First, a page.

An analysis of business faculty perspectives on the design of interaction (Table 5) indicates that they are predominantly individually oriented. All five faculty members prepare individual learning activities and only one seemed open to group work in the future because he is changing his methodology based on film scenes. Some of the arguments that made them focus on individual activities in online classes are students’ reluctance to engage in group work and the individual nature of university grading practices and policies. However, this individual approach to designing learning activities contrasts with the group oriented competencies that faculty want to promote in their online classes.

We conclude that for business, competencies are designed from a predominantly disciplinary perspective with all three countries agreeing on the importance of developing analytical skills (Table 5). There were contextual variations between countries in the identification of other business skills. For example, U.S. faculty talked about the importance of leadership skills, conflict management and acting ethically, while Venezuela stressed the capacity to formulate and evaluate projects and Spain discussed the importance of team work skills. We can therefore infer that when disciplinary knowledge is put into practice, there will be variations across countries based on context. In relation to the design of interaction, all three countries focused on individual learning activities, with some hoping to develop collaborative learning activities in the future.

Table 5

Conclusions, Implications for Design, and Future Research

Based on our results analyzing three disciplines across three countries, we conclude that disciplinary knowledge takes precedence when faculty members select competencies to be developed in online courses for their respective professions. This finding supports Stark’s (2000) empirical studies that showed that the faculty member’s academic discipline exerted the strongest influence on course planning in higher education, and that to a lesser extent, the context in which they work shapes how the courses are planned and taught.

In some cases such as the discipline of business in our study, contextual factors related to what is considered important for the profession, such as ethics, play a role in the development of additional competencies that are necessary in a particular local context. In all three disciplines, the design of interaction to correspond with disciplinary competencies was often influenced by contextual factors that modify faculty intention. What this means is that instructional design will vary across countries in the same discipline to address the local context such as the needs and expectations of the learners, faculty perspectives, beliefs and values, and the needs of the institution, the community, and country. We can therefore conclude that it is possible to design a course that will be relevant across countries from a disciplinary perspective, but it must be adapted to the local context in the design of instructional interaction and the learning process for it to be relevant to learners in that local context. Ball, Zaugg, Davies, Tateishi, Parkinson, Jensen, and Magleby (2012) identified and validated a comprehensive set of global competencies for engineering students. They found that to increasingly use collaborative engineering processes and global teams to operate on a global scale, it is necessary to think about the globalization of the traditional university’s engineering curriculum. Some of the competencies identified in this study were similar to those identified in our study. However, the design of interaction to address these global competencies will differ based on the local context.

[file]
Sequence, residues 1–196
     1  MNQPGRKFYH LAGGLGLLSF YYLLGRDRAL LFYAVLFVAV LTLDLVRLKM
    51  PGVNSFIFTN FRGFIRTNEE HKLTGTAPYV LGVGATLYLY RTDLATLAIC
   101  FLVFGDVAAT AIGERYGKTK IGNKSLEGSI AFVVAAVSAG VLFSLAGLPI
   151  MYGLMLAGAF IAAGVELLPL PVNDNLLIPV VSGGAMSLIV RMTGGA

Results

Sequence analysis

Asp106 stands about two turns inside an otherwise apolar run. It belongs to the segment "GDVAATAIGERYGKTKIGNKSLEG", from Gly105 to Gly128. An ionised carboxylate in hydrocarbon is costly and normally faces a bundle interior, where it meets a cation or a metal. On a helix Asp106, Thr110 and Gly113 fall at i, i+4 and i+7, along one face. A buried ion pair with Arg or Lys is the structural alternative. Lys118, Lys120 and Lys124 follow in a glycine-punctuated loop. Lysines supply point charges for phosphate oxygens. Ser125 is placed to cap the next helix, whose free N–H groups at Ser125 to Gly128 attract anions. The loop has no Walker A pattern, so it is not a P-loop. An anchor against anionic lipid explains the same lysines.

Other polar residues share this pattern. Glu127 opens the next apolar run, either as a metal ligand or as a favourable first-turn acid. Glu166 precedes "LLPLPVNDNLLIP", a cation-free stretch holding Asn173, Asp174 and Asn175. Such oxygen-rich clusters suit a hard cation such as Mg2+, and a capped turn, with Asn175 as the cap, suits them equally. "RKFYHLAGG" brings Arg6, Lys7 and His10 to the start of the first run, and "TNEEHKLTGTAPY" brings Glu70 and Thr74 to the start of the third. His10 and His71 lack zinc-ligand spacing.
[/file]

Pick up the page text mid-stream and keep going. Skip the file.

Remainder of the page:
Table 2 showed a comparison of the competencies across the three disciplines selected for this study. This is of interest as it shows the type of competencies that the three disciplines from three countries agree on: knowledge of the field, higher order cognitive processes such as critical thinking, analysis, problem solving, transfer of knowledge, oral and written communication skills, team work, decision making, leadership and management skills. This indicates far more similarities in competencies than differences between the three different disciplines. Since these competencies were common to all three of the applied disciplines we studied, online course design should pay special attention to the development of these competencies. It is important to note that the interactive activities designed to develop these competencies will vary across the countries. We found a lack of correspondence between faculty’s intent and desire to develop collaborative learning skills and the actual development of collaborative skills and the assessment of them.

Contextual factors such as faculty prior experience in designing collaborative learning, student reluctance to engage in collaborative learning, as well as institutional assessment systems that focus on individual performance were some of the reasons why faculty found it difficult to design collaboration even though they thought it was an important skill to develop in their learners. Ke (2013) showed that designing online interactions for deep learning does not happen naturally. In order to create more in-depth, reflective and collaborative learning environments, it is necessary to observe the relationship between design and interaction. She suggests that design has a significant impact on the nature of the interaction, and whether students approach learning in a deep and meaningful manner. Tseng and Yeh (2013) conducted a qualitative study to identify important factors that were crucial for building teamwork trust. Implications for online instructors derived from this study suggest that it is important to comprehend students’ expectations about learning collaboratively, and also understand that online collaborative learning is a more learner centered approach.